I found it interesting recently to read Harlan Coben's first, previously unpublished (I believe) novel, and try and note what has changed between it and his later works. I admire not only your patience but your perspective, Rob. Thanks for the post.

Rob said...

Ruby -- dud you try to talk Stefan into allowing use of his song for your serial killer book? eh? eh? I wanted to use an ee cummings poem once but when Berkley/Jove went after rights, they found it so expensive that I had to write my own damn poetry for the book....I so wanted JAKE HATES ALL the GIRLS....would have been perfect.
Next time I needed poetry for a serial killer, I used my son's ooems, getting him published in the pages of Bitter Instinct. After that, a grateful son began calling me McDaddy.

rob - have my backlist all selling on Kindle now.

Rob said...

Warrenm Jan, Jenny - thanks so much for your input; everyone's point of view is appreciated here. You may want to locate my thread on Kindle Community forums if you have a kindle title up, as the thread is "What Moves Kindle Bks. off the Shelf." The input there is great for practical tips to move those books into reader hands.


@Ruby_Barnes said...

Hey Rob. That's real cute to get your son's poems published in that way, nice one. Stefan told me that, like most of the Blues and Ragtime pieces he plays, Death Comes Creeping is trad and handed down by mouth from the great Bluegrass guitarists of yore, so it was public domain.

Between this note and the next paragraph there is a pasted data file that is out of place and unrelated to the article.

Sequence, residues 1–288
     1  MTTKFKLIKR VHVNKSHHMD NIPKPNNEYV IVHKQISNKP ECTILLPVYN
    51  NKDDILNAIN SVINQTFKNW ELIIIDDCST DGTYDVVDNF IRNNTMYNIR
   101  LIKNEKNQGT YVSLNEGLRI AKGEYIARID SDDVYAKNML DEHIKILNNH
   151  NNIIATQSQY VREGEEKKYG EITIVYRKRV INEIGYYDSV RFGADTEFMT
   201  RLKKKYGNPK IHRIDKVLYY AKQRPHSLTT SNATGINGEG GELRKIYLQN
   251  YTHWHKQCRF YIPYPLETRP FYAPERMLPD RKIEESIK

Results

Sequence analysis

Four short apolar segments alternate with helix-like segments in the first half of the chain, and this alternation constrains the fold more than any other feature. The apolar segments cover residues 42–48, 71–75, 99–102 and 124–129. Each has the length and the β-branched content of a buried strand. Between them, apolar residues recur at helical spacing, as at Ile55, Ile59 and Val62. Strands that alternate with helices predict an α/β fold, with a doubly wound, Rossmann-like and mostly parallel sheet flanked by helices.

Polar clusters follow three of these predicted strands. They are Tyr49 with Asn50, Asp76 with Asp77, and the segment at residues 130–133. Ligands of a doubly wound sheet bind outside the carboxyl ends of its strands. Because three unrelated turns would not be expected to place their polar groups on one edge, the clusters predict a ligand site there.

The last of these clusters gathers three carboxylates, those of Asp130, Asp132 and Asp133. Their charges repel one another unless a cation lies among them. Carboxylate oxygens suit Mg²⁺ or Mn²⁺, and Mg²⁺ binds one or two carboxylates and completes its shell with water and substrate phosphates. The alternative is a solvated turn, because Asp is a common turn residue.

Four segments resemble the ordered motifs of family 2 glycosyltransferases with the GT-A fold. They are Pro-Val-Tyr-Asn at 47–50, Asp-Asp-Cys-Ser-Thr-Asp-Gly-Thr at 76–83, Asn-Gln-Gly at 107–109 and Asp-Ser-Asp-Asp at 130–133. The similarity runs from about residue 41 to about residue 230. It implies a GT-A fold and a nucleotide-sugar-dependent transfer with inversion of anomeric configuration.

These sort of things can get very expensive I know. Our tutor asked Leonard Cohen, as a friend, to come and give us a talk at our writers' course but he wanted 10k USD for the pleasure. I had an idea to use Bird on a Wire for my Ger Mayes book but I didn't bother after that experience.
It's always a good idea if, like my old Bluegrass band, the inspiration can be got from those long gone. Cheaper that way and it adds an air of mystique. Case in point - Mark Twain.

Morgan Mandel said...

Writing is a learning process. No matter how much you know, there's always more you can learn!

My novels are also character driven, since I love getting into people's heads and being them for a while.

Morgan Mandel

Geraldine Evans said...

What you say is so true, Rob. Some of my earlier plots were WAY too complicated even though they were character-driven. Nowadays I try not to give myself a headache with endless twists and turns in the story.

Robt. W. Walker said...

I wonder what Mark Twain would make of Kindle and Indie publishing; you know he did do some self-publishing, and he published U.S. Grant's Autobiography which he lost his shirt on.